A Conjoint Analysis of Buyers’ Preferences for Residential Property
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Abdul Hamid Mar Iman, Fu Yek Pieng, Christopher Gan
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International Real Estate Review
This study evaluates the preferences of middle-high income earners for newly designed high-cost residential property attributes in their purchase decision, by using the conjoint method, whereby the buyers’ ‘trade-offs’ of different product attributes are measured. The fractional factorial design is used to create eighteen sets of product profiles based on a combination of the six most important attributes that determine the purchase decision of buyers. The preference rating of the respondents is then decomposed to yield part-worth utility for each attribute level. A regression analysis shows that the most pertinent attributes of high-cost residential properties trade-off by the respondents, are type of property, design and features, price, built-up area, location, and reputation of the developer. Together, these attribute explain about 74% of the buyers’ expressed utility of the product purchased. By using a hold-out sample of respondents, a conjoint analysis has predicted the buyers’ expressed utility with a reasonable level of accuracy.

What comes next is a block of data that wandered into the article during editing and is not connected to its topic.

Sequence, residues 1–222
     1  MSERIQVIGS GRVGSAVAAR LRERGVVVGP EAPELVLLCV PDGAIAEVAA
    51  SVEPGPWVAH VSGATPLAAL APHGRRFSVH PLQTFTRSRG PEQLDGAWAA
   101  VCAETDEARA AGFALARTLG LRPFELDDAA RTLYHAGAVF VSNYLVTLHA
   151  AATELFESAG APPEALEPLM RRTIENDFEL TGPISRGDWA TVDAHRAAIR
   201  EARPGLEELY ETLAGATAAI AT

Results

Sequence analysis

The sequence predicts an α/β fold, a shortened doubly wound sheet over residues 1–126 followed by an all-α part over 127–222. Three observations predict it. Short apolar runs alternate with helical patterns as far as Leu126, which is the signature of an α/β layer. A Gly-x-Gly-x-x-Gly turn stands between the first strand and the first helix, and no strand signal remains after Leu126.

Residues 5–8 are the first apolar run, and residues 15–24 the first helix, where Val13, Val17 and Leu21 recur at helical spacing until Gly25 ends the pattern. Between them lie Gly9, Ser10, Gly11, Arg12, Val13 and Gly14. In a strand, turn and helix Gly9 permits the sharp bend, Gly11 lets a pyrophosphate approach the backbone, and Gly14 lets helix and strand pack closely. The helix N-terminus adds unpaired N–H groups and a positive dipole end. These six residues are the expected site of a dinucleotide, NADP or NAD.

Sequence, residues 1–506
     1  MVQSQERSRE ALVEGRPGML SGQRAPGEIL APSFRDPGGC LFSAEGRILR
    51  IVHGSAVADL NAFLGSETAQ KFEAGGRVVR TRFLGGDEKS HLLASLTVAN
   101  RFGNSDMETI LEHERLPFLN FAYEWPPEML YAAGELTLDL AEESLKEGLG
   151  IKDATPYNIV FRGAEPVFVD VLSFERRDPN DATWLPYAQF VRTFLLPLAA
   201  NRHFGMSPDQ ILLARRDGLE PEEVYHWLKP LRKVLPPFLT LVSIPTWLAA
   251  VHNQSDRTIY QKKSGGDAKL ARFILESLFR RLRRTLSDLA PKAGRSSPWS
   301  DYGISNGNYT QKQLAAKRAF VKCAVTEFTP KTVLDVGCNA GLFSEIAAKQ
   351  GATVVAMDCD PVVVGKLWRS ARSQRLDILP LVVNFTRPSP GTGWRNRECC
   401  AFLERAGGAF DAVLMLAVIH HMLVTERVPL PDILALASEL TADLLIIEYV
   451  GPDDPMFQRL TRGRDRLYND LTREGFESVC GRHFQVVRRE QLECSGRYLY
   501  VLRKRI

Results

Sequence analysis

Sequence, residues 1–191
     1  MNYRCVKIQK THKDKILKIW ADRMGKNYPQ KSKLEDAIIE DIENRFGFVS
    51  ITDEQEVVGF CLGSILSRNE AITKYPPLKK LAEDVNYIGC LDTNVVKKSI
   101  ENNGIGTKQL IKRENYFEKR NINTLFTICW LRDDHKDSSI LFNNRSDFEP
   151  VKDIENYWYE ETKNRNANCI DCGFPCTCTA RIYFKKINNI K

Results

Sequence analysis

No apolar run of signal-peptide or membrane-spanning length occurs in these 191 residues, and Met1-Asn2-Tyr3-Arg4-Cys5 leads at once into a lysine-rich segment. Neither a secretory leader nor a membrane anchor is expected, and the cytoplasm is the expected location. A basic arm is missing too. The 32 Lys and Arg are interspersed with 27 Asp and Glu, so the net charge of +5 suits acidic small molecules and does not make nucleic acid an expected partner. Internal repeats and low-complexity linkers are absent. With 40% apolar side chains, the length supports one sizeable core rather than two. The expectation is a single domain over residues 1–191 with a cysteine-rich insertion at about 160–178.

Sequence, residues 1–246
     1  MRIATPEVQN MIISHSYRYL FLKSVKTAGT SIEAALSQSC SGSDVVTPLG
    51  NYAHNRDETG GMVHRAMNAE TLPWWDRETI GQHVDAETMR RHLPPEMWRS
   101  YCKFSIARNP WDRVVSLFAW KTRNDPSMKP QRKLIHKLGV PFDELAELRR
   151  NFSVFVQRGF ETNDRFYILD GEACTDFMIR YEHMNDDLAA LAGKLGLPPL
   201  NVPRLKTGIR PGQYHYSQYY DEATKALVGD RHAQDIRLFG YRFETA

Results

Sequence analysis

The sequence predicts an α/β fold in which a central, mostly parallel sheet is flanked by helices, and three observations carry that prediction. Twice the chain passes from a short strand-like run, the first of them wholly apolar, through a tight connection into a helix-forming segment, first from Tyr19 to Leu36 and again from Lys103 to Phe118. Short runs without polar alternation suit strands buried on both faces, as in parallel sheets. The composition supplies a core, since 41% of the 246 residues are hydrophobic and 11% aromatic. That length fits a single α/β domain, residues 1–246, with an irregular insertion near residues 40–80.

Conjoint method; Residential, Consumer behaviour; Preference; Utility